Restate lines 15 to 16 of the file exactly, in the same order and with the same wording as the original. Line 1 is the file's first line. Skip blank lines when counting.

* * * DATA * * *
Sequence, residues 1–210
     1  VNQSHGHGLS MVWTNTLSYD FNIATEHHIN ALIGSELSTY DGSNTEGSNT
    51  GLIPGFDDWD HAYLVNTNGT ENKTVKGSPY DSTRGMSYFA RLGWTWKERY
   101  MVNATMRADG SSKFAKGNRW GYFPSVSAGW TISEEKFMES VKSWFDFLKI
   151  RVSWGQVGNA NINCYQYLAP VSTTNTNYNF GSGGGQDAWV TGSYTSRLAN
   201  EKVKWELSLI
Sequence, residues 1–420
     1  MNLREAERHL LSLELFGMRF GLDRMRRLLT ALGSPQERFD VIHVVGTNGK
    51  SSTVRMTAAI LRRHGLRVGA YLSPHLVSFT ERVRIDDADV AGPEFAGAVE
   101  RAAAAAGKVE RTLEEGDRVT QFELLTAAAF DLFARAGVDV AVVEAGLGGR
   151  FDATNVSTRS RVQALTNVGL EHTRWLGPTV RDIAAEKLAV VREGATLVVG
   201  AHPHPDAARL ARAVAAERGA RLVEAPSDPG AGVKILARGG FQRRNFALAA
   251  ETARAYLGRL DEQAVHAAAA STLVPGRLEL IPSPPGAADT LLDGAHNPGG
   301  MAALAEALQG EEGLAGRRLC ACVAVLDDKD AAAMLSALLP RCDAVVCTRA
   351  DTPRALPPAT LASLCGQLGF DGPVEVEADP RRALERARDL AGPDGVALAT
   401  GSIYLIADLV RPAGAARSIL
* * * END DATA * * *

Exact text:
   351  DTPRALPPAT LASLCGQLGF DGPVEVEADP RRALERARDL AGPDGVALAT
   401  GSIYLIADLV RPAGAARSIL